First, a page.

Wednesday, March 12, 2014

Relief From K-band False Alarms?

SpeedInfo solar-powered traffic-monitoring radar
If you're experiencing more K-band radar false alarms lately you're not alone. Increasingly, radar detector false alarms are being caused by the radar used by some traffic-flow monitoring systems.

Pole-mounted along a roadway, often at one-mile intervals, these measure and send real-time data on traffic volume and speed to transportation command centers. Radar detector owners will get a K-band alert whenever a transmitter is approached, often from hundreds of yards away.

Escort and BEL GPS-enabled radar detectors can lock out these signals. Other Escort and BEL models without GPS will do likewise when used with Escort Live.

Yet comparatively few radar detector manufacturers claim to offer a firmware-based solution for their non-GPS models. One exception, Escort, devised TSR (TSR Signal Ranking software) for Escort and subsidiary BEL (Beltronics) radar detectors. And some Whistler models—the Whistler CR90 and Whistler CR85 included—offer TFSR, said to achieve the same purpose.

But can TSR or TFSR really eliminate these K-band nuisance alerts? To find out, we traveled to Denver, Colorado, which has several metro freeways lined with nearly 150 radar sensors from Speedinfo. We used an Escort Redline XR with TSR and a Whistler CR90 with TFSR. Our test route was the bustling I-25 corridor, beginning at Arapahoe Road in southern metro Denver and ending 24 miles later at the city of Northglenn.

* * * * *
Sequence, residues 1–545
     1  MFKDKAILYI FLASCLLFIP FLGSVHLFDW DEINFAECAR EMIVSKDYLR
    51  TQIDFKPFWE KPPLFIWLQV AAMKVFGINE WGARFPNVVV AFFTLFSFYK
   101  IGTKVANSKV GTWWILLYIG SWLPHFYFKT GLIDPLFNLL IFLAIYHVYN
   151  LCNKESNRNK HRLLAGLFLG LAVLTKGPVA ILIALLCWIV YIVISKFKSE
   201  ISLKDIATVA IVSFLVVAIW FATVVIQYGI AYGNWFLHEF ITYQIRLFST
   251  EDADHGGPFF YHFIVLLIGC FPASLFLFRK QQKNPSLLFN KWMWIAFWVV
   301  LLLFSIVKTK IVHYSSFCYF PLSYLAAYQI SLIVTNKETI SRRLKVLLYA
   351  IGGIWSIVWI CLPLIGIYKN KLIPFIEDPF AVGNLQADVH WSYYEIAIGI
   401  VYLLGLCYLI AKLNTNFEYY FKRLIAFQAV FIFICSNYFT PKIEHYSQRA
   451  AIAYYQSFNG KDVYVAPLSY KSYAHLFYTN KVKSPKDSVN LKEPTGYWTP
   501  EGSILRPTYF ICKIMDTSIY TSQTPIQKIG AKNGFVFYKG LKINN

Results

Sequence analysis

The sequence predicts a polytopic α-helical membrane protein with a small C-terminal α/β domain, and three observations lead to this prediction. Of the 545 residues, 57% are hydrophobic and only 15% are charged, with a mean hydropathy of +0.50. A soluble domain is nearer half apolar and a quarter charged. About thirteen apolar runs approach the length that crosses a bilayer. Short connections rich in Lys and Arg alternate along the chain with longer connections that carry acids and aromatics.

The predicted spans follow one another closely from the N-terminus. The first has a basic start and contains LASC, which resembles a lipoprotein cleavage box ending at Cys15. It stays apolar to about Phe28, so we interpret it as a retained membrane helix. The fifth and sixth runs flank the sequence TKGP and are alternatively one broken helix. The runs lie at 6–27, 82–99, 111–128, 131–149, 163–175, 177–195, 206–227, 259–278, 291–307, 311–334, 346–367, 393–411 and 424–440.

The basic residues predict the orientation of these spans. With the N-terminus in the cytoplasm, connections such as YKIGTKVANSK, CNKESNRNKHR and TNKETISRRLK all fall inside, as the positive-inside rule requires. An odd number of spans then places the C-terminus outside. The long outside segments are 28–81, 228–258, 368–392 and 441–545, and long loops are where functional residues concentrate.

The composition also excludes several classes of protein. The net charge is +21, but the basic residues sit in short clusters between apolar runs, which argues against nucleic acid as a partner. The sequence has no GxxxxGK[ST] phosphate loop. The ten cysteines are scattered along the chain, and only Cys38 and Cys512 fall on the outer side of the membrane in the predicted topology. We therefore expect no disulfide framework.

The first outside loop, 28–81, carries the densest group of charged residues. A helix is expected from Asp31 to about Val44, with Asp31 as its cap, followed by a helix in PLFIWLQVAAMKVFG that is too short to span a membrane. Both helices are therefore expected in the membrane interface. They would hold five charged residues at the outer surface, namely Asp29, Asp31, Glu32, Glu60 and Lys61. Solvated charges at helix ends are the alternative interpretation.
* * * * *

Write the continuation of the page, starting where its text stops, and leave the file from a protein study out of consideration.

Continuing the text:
On the first run we set the Escort Redline XR to Auto-sensitivity mode, with TSR turned off. Over the next 24 miles it dutifully alerted to 12 SpeedInfo K-band transmitters lining the northbound traffic lanes, and we noted their locations.

For the second run we left the Escort Redline XR's settings unchanged except for turning on the TSR function. This time the Escort Redline XR ignored all of the SpeedInfo K-band transmitters.

Next we repeated the exercise with the Whistler CR90. With TFSR switched off, it alerted to the same SpeedInfo transmitters as had the Escort Redline XR. On the next run, this time with TFSR engaged, it filtered out all of the transmitters and stayed silent.

This should come as good news to anyone packing a radar detector in Denver, not to mention other areas where radar-based traffic-monitoring technology is used.


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